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The genetic basis of coordinated plasticity across functional units in a Lake Malawi cichlid mapping population

Cite this dataset

Navon, Dina; Hatini, Paul; Zogbaum, Lily; Albertson, Craig (2021). The genetic basis of coordinated plasticity across functional units in a Lake Malawi cichlid mapping population [Dataset]. Dryad.


Adaptive radiations are often stereotypical, as populations repeatedly specialize along conserved environmental axes. Phenotypic plasticity may be similarly stereotypical, as individuals respond to environmental cues. These parallel patterns of variation, which are often consistent across traits, have led researchers to propose that plasticity can facilitate predictable patterns of evolution along environmental gradients. This “flexible stem” model of evolution raises questions about the genetic nature of plasticity, including: How complex is the genetic basis for plasticity? Is plasticity across traits mediated by many distinct loci, or few “global” regulators? To address these questions, we reared a hybrid cichlid mapping population on alternate diet regimes mimicking an important environmental axis. We show that plasticity across an array of ecologically relevant traits is generally morphologically integrated, such that traits respond in a coordinated manner, especially those with overlapping function. Our genetic data are more ambiguous. While our mapping experiment provides little evidence for global genetic regulators of plasticity, these data do contain a genetic signal for the integration of plasticity across traits. Overall, our data suggest a compromise between genetic modularity, whereby plasticity may evolve independently across traits, and low-level but widespread genetic integration, establishing the potential for plasticity to experience coordinated evolution.


Full methods can be found in the article in Evolution. In brief, we used a hybrid mapping cross of cichlid fish to assess the genetic basis of diet-induced plasticity. F3 hybrid animals resulting from a cross between a Labeotropheus fuelliborni female and a Tropheops sp. "redcheek" male were split into two diet treatments. These hybrids were then sacrificed, dissected, & analyzed for a variety of phenotypic traits, including both linear & geometric morphometrics. Continuous traits resulting from the geometric morphometric analyses were subjected to a canonical variates analysis, which produced an axis arraying individuals from more plastic animals at each extreme, to less plastic animals near the origin. These values were then used as the basis for a series of QTL analyses aimed at linking plasticity to its underlying genetic basis. Finally, both the trait values and the genetic associations were used in two separate network analyses to determine whether plasticity was correlated across the body at either the morphological or genetic level.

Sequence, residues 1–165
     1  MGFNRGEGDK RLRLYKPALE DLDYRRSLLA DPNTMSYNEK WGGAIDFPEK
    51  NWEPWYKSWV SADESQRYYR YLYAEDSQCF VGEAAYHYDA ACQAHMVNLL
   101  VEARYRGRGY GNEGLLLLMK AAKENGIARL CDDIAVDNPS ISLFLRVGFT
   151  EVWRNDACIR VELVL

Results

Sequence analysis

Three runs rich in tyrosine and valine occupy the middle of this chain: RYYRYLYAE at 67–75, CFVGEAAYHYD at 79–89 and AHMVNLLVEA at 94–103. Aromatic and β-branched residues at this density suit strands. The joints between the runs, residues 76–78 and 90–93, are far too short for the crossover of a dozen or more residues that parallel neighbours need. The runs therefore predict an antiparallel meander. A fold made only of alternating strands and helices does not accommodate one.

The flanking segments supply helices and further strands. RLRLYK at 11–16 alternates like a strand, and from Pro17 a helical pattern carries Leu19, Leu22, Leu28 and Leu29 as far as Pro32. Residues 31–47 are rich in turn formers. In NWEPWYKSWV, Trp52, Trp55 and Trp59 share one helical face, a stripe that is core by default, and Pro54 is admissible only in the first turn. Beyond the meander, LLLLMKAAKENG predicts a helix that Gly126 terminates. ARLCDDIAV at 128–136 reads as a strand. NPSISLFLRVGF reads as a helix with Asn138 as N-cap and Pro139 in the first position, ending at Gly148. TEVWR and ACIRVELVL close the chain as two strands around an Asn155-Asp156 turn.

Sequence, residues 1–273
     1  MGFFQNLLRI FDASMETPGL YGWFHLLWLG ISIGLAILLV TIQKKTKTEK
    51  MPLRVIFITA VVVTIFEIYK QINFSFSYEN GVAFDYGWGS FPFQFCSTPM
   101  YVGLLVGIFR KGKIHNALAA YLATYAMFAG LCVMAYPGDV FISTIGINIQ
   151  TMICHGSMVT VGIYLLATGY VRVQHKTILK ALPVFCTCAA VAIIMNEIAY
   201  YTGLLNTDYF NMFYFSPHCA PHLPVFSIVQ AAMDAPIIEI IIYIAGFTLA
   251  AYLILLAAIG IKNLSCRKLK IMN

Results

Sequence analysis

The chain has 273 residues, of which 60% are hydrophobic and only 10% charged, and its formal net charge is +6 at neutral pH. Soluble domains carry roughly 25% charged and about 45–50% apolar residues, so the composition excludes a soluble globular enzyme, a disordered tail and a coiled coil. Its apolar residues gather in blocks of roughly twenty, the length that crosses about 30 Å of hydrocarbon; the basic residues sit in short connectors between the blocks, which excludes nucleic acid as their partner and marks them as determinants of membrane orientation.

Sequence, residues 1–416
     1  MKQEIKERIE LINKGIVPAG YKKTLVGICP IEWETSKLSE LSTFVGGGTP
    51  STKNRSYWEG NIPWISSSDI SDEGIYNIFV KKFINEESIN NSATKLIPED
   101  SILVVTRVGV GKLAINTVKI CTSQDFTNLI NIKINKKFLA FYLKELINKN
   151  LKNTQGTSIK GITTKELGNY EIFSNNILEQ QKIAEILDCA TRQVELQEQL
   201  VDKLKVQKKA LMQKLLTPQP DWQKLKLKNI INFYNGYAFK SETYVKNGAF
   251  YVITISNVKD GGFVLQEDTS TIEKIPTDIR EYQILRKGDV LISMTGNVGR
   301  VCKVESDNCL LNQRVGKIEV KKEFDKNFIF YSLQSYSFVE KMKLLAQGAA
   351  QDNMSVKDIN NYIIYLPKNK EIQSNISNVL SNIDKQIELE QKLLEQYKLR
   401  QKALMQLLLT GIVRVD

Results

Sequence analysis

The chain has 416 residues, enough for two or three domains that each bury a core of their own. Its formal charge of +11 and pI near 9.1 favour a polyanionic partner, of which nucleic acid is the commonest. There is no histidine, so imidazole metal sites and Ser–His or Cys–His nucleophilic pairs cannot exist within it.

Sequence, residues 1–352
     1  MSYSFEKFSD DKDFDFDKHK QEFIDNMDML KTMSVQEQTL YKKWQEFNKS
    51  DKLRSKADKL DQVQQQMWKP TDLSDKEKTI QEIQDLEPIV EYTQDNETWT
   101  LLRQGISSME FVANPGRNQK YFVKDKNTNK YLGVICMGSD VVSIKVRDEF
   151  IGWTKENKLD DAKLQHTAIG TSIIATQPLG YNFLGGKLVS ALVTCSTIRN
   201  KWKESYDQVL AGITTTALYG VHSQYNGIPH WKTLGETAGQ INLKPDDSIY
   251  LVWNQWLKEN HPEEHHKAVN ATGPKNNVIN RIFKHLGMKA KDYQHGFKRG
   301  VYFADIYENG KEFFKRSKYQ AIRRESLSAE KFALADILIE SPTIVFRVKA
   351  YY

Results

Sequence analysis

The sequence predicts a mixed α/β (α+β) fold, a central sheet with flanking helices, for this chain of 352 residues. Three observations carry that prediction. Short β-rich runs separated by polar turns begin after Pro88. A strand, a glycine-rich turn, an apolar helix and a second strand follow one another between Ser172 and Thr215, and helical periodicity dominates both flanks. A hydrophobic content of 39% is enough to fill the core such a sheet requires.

For each trait, I have provided two TPS files - one with the unadjusted landmark coordinates (named: "Trait X.tps"), and one with the allometry-adjusted landmark coordinates (named: "Trait X SL Corr.tps"). I also include the file with the standard length values for each individual ("SL.csv") - these were used in the size standardizations. I have also provided the files used in the network analyses based on shape ("Shape Scores for Network Analysis.csv") and genetics ("LOD Scores for Network Analysis.csv"). These provide the shape scores for each individual for each trait and the LOD scores at every position sampled along the genome for each individual for each trait, respectively. Finally, I have provided the QTL map with all 21 phenotypes that were mapped ("QTL Map with Traits.csv").


National Science Foundation, Award: IOS 1054909